by Akim Reinhardt
Progressives, moderates, and even many conservatives are aghast at Donald Trump's populist appeal. As this cantankerous oaf flashes ever brighter in the political pan, they fret that his demagoguery might land him the Republican presidential nomination, and perhaps even carry him all the to White House.
I'm not worried about the prospect of a Hail to the Trump scenario and never have been. As far back as August, I opined on this very website that he has virtually no chance of becoming president. I still believe that. He lost to Ted Cruz in Iowa, just like I said he would. And I'm sticking with my prediction that he'll be done by the Ides of March. Should Trump actually make it to the Oval Office, I'll buy you all plane tickets to Canada, as promised.
That being said, it's certainly worth investigating the Trump phenomenon. After all, how are we to explain the dramatic success of this heinous cretin? How could this man, who is not just a walking punch line, but also thoroughly repulsive in almost every way, be so popular, not just on a silly reality TV show with a dumb catch phrase, but also in the supposedly serious world of presidential politics?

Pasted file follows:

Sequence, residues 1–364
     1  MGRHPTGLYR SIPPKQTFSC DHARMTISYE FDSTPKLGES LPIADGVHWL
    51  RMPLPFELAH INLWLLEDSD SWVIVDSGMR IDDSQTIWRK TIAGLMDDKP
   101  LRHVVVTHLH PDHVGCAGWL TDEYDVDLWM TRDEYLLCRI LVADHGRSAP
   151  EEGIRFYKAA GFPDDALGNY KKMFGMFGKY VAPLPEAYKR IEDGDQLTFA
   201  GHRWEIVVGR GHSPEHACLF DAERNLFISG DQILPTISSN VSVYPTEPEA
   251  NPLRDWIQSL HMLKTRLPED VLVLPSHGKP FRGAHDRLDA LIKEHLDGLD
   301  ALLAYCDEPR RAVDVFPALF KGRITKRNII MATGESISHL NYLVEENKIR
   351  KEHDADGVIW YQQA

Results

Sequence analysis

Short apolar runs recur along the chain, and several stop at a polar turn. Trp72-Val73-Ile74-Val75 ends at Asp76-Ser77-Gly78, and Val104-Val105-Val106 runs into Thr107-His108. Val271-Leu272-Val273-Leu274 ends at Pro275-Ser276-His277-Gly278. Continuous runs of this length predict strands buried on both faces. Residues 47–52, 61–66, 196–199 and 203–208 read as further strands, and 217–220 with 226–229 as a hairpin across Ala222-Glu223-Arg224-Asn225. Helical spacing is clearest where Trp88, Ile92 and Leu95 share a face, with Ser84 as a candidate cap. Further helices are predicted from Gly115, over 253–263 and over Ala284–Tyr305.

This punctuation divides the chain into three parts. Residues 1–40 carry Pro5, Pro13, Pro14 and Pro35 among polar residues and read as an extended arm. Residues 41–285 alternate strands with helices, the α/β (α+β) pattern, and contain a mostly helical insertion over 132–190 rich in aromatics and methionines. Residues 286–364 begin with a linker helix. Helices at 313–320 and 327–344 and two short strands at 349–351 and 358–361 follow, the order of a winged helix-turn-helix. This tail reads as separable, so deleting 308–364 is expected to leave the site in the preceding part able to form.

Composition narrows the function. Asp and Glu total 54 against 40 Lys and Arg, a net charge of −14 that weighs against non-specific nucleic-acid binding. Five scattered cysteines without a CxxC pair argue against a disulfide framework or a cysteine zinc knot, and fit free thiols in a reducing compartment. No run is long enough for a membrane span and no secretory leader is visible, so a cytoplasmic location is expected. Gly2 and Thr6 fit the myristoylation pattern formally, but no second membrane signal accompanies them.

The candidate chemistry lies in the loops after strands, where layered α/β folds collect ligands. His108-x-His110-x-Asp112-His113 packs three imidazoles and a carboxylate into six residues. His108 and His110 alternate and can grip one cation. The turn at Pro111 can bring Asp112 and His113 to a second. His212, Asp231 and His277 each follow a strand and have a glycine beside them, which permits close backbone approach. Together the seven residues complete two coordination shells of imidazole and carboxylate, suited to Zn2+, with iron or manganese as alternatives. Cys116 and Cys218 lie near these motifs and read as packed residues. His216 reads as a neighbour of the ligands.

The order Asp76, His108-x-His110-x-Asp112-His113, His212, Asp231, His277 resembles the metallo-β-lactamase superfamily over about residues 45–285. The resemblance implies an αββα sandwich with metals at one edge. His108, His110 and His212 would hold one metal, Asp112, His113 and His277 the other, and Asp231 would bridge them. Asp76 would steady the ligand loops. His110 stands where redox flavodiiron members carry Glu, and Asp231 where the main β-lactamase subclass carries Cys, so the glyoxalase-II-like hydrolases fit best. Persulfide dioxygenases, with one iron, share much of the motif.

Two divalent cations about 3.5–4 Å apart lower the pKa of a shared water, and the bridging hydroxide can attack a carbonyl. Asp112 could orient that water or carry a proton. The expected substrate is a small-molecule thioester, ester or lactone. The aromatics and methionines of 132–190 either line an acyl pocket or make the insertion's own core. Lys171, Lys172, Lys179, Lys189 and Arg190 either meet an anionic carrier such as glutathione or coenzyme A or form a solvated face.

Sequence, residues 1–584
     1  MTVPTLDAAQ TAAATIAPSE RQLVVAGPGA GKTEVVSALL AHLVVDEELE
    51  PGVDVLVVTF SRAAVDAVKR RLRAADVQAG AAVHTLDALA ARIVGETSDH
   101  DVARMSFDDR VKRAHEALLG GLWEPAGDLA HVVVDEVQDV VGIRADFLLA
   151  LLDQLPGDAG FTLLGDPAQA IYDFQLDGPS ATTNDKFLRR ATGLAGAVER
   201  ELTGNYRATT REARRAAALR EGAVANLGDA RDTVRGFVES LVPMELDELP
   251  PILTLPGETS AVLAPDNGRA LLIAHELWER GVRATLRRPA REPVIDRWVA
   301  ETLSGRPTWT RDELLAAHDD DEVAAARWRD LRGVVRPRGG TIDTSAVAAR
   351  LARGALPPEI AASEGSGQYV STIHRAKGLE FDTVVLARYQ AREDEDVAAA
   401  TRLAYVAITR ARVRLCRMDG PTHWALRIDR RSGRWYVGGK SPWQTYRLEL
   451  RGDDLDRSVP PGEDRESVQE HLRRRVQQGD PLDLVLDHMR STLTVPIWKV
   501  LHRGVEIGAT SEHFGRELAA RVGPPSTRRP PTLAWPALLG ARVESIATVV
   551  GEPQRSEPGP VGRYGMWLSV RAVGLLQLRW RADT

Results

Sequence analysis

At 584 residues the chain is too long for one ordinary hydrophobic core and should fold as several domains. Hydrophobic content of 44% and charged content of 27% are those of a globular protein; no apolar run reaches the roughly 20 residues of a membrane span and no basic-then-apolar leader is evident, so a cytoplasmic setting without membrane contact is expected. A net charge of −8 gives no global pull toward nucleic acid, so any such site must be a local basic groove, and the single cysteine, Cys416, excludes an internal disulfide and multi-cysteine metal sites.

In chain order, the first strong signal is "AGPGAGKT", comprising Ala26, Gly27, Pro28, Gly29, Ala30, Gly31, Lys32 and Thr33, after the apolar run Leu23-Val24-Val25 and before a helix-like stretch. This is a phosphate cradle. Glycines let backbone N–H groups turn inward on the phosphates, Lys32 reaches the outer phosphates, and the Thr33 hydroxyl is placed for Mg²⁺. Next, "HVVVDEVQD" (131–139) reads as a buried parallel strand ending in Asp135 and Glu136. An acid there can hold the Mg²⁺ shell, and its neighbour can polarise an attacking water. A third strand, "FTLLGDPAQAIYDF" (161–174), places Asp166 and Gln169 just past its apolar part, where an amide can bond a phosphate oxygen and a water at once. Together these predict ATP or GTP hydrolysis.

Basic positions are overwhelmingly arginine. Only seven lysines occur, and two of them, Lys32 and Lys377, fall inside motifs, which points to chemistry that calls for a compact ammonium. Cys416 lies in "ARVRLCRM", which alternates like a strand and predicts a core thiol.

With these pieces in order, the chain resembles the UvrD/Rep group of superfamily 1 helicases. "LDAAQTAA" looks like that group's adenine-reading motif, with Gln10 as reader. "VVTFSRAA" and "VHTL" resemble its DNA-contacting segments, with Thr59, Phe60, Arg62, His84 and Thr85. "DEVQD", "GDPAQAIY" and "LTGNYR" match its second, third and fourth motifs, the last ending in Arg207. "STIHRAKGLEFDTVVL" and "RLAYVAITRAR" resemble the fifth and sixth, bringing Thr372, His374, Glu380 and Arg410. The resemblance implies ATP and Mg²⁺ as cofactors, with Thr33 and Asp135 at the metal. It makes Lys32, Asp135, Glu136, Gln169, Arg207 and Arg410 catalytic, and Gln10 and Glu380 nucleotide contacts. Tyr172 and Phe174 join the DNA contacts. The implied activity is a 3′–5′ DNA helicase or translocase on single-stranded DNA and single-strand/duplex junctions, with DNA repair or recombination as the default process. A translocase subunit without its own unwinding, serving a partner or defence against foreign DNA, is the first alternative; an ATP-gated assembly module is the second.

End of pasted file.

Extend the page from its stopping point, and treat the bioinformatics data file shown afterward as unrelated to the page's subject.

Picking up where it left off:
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by Akim Reinhardt
At its founding, the United States was an overwhelmingly rural nation. The inaugural census of 1790 showed that 95% of all Americans either lived in isolated rural areas, on farms, or in tiny towns with fewer than 2,500 people. However, a steady national trend towards urbanization began immediately thereafter.
The rise of American cities during the 19th century was spurred on by the Industrial Revolution, which created a high demand for labor. Cities became population magnets, drawing workers from around the country and eventually around the world. One generation after another, people left the American countryside behind and headed for the nation’s new and growing cities. The scales slowly but inexorably tipped in the opposite direction, and today's census numbers are practically reversed from those of 1790.
For most of American history though, rural populations did not falter. Rather, they continued to grow side by side with cities. While they were not able to keep pace with rapacious urban expansion, the sheer volume of rural America nonetheless rose at a substantial rate. Two factors largely explained the ongoing growth of rural populations despite the urban syphon: natural increase and immigration.
Agricultural families typically had a higher birth rate than urban families because children provided valuable labor on the farm from an early age. At the same time, rural America received its fair share of foreign immigrants. While stereotypes of 19th and early 20th century immigration often focus on Irish, Italians, and Jews making new homes in American cities, waves of Germans, Scandinavians, Slavs, British, and many others passed right through those cities and continued on to the heartland.
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